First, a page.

# How do you use the ratio test to test the convergence of the series #∑ (3/4)^n# from n=1 to infinity?

The series is convergent and:

The ratio to test is:

We can note that this is a particular case of the geometric series:

So that we can also calculate the sum:

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To use the ratio test to test the convergence of the series (\sum_{n=1}^\infty \left(\frac{3}{4}\right)^n), you need to compute the limit of the ratio of consecutive terms as (n) approaches infinity.

The general form of the ratio test states: If (L = \lim_{n \to \infty} \left| \frac{a_{n+1}}{a_n} \right|), then:

- If (L < 1), the series converges absolutely.
- If (L > 1), the series diverges.
- If (L = 1), the test is inconclusive.

For the given series, (a_n = \left(\frac{3}{4}\right)^n), so (a_{n+1} = \left(\frac{3}{4}\right)^{n+1}).

Now, compute the limit: [L = \lim_{n \to \infty} \left| \frac{a_{n+1}}{a_n} \right| = \lim_{n \to \infty} \left| \frac{\left(\frac{3}{4}\right)^{n+1}}{\left(\frac{3}{4}\right)^n} \right|] [= \lim_{n \to \infty} \left| \frac{\left(\frac{3}{4}\right)^{n}\cdot\frac{3}{4}}{\left(\frac{3}{4}\right)^n} \right|] [= \lim_{n \to \infty} \left| \frac{\frac{3}{4}}{1} \right|] [= \frac{3}{4}]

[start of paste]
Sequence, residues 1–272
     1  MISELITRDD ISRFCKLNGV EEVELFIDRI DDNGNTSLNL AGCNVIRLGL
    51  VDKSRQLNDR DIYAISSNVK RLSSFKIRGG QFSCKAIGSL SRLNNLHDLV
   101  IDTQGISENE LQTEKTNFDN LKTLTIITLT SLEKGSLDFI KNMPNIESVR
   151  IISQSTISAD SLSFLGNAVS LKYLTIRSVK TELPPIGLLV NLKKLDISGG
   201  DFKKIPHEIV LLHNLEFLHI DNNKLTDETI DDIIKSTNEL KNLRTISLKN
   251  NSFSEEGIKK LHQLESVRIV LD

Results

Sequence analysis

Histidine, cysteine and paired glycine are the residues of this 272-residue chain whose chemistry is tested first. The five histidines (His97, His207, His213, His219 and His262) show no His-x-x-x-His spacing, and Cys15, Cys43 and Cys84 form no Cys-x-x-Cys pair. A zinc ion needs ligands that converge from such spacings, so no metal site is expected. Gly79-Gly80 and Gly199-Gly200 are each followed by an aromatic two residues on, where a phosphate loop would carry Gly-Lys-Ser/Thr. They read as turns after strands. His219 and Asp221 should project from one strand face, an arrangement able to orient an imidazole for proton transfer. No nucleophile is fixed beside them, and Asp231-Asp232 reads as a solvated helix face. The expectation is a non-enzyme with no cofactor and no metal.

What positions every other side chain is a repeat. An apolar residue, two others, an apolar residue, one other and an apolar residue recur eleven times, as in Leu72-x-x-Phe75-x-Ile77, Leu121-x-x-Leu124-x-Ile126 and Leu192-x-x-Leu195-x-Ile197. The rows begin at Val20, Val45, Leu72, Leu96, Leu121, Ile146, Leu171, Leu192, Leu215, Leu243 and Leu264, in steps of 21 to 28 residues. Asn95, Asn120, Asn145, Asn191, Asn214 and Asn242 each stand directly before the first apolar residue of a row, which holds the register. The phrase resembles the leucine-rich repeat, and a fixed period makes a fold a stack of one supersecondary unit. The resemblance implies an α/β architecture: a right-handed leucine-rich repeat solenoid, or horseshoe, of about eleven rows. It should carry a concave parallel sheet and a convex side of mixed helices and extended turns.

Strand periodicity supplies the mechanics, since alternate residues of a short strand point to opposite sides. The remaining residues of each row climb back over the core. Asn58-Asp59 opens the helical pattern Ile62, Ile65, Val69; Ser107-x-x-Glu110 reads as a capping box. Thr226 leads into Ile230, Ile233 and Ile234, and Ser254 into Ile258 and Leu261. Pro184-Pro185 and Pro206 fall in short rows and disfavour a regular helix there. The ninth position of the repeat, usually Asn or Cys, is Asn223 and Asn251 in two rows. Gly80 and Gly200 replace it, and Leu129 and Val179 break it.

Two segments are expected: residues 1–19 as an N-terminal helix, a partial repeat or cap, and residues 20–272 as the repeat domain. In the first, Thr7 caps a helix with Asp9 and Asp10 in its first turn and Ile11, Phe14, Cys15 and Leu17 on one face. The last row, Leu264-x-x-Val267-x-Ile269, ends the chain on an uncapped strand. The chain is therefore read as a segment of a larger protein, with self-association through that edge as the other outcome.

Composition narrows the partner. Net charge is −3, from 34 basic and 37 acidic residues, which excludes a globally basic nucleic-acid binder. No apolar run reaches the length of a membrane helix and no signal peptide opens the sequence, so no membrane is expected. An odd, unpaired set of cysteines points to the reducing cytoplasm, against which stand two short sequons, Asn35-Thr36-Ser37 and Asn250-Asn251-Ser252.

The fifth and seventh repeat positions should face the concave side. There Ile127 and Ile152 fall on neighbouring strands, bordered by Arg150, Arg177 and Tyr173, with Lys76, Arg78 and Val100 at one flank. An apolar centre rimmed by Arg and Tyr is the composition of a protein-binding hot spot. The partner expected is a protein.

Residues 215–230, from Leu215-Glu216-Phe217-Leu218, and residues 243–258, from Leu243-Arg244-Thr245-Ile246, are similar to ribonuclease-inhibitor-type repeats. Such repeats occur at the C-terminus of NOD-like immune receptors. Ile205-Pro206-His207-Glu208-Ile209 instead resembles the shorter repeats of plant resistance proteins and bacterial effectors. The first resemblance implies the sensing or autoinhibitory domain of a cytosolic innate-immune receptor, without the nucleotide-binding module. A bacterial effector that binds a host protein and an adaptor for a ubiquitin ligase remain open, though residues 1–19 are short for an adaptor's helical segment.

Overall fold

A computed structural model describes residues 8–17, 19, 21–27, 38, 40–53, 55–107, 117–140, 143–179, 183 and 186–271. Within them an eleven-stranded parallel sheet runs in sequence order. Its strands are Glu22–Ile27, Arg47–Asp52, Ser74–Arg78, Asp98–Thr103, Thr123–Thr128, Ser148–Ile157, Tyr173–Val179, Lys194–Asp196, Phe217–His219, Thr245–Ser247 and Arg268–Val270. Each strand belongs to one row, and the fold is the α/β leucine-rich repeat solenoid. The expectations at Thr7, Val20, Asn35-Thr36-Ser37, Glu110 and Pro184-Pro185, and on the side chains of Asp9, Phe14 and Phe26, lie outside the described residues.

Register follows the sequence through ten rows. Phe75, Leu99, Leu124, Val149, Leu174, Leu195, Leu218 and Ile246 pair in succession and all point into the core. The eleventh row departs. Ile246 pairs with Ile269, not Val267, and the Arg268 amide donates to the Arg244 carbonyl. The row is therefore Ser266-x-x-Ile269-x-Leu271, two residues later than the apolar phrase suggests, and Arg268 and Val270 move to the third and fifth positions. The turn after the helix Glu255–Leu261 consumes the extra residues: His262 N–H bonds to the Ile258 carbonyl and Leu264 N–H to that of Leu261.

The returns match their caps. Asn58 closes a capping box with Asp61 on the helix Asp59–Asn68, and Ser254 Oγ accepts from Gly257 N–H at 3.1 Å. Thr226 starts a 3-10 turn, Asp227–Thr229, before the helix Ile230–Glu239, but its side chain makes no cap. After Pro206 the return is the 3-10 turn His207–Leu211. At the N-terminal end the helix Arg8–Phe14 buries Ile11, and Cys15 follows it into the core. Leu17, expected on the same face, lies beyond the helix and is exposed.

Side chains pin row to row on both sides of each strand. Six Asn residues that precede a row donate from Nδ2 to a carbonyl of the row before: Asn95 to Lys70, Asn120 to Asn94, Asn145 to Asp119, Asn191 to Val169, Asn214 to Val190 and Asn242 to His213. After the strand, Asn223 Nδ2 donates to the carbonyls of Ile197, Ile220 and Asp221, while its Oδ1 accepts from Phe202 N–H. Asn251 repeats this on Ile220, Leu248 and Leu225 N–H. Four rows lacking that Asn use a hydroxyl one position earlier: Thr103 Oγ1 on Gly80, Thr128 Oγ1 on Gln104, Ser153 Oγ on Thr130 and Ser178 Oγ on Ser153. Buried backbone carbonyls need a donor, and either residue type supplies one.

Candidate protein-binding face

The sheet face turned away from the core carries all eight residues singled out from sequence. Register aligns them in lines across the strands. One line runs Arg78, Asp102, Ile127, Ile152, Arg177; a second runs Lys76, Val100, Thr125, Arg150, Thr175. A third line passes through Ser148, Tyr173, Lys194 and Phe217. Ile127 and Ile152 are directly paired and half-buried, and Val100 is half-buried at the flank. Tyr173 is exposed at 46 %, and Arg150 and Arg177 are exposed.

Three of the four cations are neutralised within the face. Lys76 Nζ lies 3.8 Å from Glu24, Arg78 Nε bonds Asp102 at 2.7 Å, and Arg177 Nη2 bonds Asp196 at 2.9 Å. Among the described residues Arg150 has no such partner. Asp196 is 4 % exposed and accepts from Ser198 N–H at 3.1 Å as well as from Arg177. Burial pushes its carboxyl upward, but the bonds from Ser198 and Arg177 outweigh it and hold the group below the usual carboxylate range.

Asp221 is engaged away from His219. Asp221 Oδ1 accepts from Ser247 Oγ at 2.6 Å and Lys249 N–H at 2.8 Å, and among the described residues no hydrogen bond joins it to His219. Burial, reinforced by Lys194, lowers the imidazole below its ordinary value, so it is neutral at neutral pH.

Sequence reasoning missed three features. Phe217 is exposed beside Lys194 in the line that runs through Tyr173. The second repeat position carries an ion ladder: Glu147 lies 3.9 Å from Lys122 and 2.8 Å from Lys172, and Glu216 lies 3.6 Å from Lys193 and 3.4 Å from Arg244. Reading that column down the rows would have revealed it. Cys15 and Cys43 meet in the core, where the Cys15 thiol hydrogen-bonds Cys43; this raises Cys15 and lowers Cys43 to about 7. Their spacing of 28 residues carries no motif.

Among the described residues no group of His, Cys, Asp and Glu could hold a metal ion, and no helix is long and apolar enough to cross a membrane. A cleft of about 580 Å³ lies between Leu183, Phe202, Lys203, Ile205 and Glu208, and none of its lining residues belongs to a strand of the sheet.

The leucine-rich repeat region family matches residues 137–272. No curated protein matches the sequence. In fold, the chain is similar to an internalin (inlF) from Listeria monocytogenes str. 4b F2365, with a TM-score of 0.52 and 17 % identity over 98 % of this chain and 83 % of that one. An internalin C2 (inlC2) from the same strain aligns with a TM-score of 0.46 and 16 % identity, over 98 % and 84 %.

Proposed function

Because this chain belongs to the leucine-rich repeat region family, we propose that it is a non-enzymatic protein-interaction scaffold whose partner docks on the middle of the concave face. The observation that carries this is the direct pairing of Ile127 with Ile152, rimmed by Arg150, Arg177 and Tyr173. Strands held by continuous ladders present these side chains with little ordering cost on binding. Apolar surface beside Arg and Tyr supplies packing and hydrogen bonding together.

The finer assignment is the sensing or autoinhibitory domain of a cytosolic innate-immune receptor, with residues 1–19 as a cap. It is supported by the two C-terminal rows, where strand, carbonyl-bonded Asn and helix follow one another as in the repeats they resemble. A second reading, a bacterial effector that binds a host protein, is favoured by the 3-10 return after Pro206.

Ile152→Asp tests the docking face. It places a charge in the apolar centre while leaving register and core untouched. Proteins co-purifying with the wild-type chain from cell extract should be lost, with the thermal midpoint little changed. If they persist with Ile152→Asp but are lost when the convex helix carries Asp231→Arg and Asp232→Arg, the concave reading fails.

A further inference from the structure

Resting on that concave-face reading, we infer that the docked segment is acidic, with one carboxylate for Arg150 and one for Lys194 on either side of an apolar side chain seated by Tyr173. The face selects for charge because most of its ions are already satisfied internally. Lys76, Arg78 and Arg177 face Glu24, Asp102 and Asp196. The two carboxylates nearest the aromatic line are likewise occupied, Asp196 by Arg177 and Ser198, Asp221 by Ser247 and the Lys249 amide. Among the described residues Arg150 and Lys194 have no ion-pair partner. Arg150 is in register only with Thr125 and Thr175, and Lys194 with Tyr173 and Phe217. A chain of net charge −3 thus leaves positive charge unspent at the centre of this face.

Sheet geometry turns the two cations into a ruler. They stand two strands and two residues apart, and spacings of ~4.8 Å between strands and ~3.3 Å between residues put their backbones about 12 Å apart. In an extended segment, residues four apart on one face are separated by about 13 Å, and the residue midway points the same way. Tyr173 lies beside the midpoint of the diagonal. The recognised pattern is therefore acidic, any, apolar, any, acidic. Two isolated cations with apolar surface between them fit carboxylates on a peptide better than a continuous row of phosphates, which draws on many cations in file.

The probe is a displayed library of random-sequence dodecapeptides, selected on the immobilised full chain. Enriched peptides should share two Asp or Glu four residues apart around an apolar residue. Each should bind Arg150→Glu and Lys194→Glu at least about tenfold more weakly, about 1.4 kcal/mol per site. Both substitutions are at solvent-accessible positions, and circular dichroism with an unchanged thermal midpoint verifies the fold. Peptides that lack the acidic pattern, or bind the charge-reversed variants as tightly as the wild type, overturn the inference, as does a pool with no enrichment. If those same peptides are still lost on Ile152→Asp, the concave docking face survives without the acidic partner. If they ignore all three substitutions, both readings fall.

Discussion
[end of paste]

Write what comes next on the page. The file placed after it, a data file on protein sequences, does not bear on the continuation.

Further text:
Since (L = \frac{3}{4} < 1), by the ratio test, the series (\sum_{n=1}^\infty \left(\frac{3}{4}\right)^n) converges absolutely.

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When evaluating a one-sided limit, you need to be careful when a quantity is approaching zero since its sign is different depending on which way it is approaching zero from. Let us look at some examples.

When evaluating a one-sided limit, you need to be careful when a quantity is approaching zero since its sign is different depending on which way it is approaching zero from. Let us look at some examples.

When evaluating a one-sided limit, you need to be careful when a quantity is approaching zero since its sign is different depending on which way it is approaching zero from. Let us look at some examples.

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